A Dedekind-finite ring is a ring in which $ab=1$ implies $ba=1$.

It seems natural to look for a connection to Dedekind-finite sets, however for such a set any injective endomorphism is surjective, while for a Dedekind-finite ring it goes vice versa, namely, any surjective endomorphism is injective (In other words, such a ring is Hopfian).

So, what is the motivation behind this name (for rings)?



It would seem to me that you should simply apply your own observation concerning Dedekind-finite sets and their definition to the left/right homotheties involved: given $ab=1$, the right homothety defined by $b$, i.e. $\vartheta_b:R\rightarrow R$, $r\mapsto rb$, viewed as a homomorphism of abelian groups, say, is clearly surjective (one has $\vartheta_b\circ\vartheta_a=\text{id}_R$); iff also $ba=1$, then $\vartheta_a\circ\vartheta_b=\text{id}_R$, making $\vartheta_b$ injective, too (note also that the one-sided multiplicative inverses of an element, when they exist, must coincide due to associativity). The endomorphism rings of finite-dimensional vector spaces over (skew) fields are, of course, standard examples of Dedekind-finite rings, further justifying (possibly) the intuitive feel that such vector spaces (and hence their endomorphism rings) are "small" in a sense. Kind regards, Stephan F. Kroneck.


Lam has an exercise on this in Lectures on Modules and Rings pp 18:

A module M is called Dedekind finite if $M\cong M\oplus N$ implies $N=0$. $M$ is a Dedekind finite module iff $End(M_R)$ is a Dedekind finite ring. If $M$ is Hopfian, then $End(M_R)$ is Dedekind finite, but not always conversely. The case when $M=R_R$, Dedekind finiteness of $R_R$ turns out to be equivalent to being a Hopfian module, since $R_R$ is projective.

I spent some time looking at rings where $R_R$ was $\textit{coHopfian}$, and found some interesting stuff. For one thing, it's not the same as being a coHopfian object in the category of rings. It took a lot of digging but I finally found an example given by Varadarajan of a left-not-right (module)-coHopfian ring.

  • $\begingroup$ @BillDubuque We are definitely not on those terms yet, but as a compromise, you can find me idling in the crusade of answers chat during the day. $\endgroup$ – rschwieb Feb 6 '14 at 11:34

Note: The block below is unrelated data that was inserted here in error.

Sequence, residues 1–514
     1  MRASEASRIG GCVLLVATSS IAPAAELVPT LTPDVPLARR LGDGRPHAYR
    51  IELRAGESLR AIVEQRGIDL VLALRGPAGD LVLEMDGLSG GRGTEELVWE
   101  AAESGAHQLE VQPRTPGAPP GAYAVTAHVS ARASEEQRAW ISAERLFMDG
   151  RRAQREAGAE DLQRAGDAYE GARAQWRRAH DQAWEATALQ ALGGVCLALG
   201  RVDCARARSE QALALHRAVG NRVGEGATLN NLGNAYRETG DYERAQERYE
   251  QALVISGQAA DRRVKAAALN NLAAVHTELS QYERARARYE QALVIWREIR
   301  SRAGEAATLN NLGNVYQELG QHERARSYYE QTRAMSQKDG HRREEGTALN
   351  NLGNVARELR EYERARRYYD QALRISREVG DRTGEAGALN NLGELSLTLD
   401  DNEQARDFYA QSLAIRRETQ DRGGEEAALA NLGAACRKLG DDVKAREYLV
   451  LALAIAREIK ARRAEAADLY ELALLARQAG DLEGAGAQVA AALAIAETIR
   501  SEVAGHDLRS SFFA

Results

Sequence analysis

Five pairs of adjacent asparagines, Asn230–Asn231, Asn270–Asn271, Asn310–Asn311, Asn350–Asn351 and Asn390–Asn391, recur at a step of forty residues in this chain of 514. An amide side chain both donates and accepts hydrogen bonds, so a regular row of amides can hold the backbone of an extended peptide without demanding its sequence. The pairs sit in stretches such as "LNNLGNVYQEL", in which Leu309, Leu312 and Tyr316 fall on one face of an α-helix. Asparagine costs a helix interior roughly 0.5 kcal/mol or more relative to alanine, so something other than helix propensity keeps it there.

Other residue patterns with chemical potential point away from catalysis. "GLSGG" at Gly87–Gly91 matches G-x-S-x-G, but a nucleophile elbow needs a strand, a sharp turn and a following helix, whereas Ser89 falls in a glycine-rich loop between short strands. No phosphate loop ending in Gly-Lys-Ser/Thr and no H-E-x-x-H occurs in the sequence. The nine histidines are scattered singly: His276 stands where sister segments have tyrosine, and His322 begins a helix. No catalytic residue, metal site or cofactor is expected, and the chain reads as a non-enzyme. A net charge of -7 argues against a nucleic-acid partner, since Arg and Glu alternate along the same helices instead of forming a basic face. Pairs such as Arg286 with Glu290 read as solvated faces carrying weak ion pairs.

• $\begingroup$ @BillDubuque Let's at least try chat first, and go from there. $\endgroup$ – rschwieb Feb 11 '14 at 19:58
  • $\begingroup$ @BillDubuque We are definitely not on those terms yet, but as a compromise, you can find me idling in the crusade of answers chat during the day. Even if I'm not logged in, you can click my name and initiate a semiprivate chat. I don't think it's a very good idea to engage in private correspondence with anyone I don't know well, or who engages in less-than-friendly interactions with me. You could begin to dispel that impression by engaging in casual chats as I am suggesting. $\endgroup$ – rschwieb Apr 22 '14 at 0:14
  • $\begingroup$ @BillDubuque This is all just commonsense internet privacy practice. I wouldn't give you my home address either. If you ever get over this strange aversion to a simple chat, just let me know. $\endgroup$ – rschwieb Apr 22 '14 at 2:30
  • $\begingroup$ @BillDubuque trust me, I will not be going that far out of my way at this time when you won't even take me up on this harmless chat compromise. I could change my mind someday, if forthcoming conversations aren't so adversarial, but not this month. Good evening to you. $\endgroup$ – rschwieb Apr 22 '14 at 2:45

Your Answer

By clicking “Post Your Answer”, you agree to our terms of service, privacy policy and cookie policy

Not the answer you're looking for? Browse other questions tagged or ask your own question.